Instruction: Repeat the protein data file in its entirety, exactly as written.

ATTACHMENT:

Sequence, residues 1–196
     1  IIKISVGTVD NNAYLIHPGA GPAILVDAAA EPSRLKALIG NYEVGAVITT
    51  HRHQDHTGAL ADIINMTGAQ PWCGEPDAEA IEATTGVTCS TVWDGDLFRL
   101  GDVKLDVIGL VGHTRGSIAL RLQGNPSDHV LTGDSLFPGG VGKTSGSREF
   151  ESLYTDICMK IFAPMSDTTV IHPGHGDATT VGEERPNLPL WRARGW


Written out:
Sequence, residues 1–196
     1  IIKISVGTVD NNAYLIHPGA GPAILVDAAA EPSRLKALIG NYEVGAVITT
    51  HRHQDHTGAL ADIINMTGAQ PWCGEPDAEA IEATTGVTCS TVWDGDLFRL
   101  GDVKLDVIGL VGHTRGSIAL RLQGNPSDHV LTGDSLFPGG VGKTSGSREF
   151  ESLYTDICMK IFAPMSDTTV IHPGHGDATT VGEERPNLPL WRARGW